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Intragenerational Proximity and the Social Role of Sibling Neighbors after Midlife

Sonia Miner and Peter Uhlenberg
Family Relations
Vol. 46, No. 2 (Apr., 1997), pp. 145-153
DOI: 10.2307/585038
Stable URL: http://www.jstor.org/stable/585038
Page Count: 9
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Intragenerational Proximity and the Social Role of Sibling Neighbors after Midlife
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Abstract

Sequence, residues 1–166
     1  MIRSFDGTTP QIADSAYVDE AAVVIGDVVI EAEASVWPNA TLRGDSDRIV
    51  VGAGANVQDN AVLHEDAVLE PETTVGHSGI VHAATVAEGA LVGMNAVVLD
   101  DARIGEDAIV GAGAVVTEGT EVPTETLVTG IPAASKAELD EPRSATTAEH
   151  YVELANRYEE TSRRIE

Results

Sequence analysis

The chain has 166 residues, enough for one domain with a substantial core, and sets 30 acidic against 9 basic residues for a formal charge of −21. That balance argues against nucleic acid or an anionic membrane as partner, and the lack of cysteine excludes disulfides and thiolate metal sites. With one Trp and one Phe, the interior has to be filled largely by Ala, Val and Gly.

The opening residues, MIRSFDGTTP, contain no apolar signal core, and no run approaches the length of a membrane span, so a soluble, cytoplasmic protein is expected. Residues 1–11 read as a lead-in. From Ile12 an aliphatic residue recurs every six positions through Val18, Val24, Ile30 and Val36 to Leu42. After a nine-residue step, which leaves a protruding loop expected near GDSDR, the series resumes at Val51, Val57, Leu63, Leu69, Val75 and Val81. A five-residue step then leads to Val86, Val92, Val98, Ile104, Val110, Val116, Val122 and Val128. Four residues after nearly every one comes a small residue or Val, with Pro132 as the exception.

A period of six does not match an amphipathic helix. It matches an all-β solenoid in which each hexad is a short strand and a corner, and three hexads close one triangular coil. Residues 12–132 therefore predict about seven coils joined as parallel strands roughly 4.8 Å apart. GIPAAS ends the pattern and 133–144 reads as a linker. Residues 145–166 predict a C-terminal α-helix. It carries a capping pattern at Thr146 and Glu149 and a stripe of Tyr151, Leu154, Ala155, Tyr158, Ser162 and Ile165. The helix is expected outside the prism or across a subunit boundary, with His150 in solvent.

Adult siblings who live near one another can be a source of social support, but little is known about sibling proximity after childhood. Using the National Survey of Families and Households (NSFH), we examine predictors of distance to nearest sibling as well as patterns of support and contact among sibling neighbors for respondents age 55 and over. Blacks are more likely than Whites to live in close proximity to siblings in adulthood. Despite the closer proximity among Black siblings, an analysis of sibling neighbors finds no racial difference in exchange of instrumental support. However, frequent contact with sibling neighbors is more common among Blacks than Whites. Results also indicate that older persons receive more support from nearby siblings when they do not have other core family members (spouses, children or parents) in their family network.

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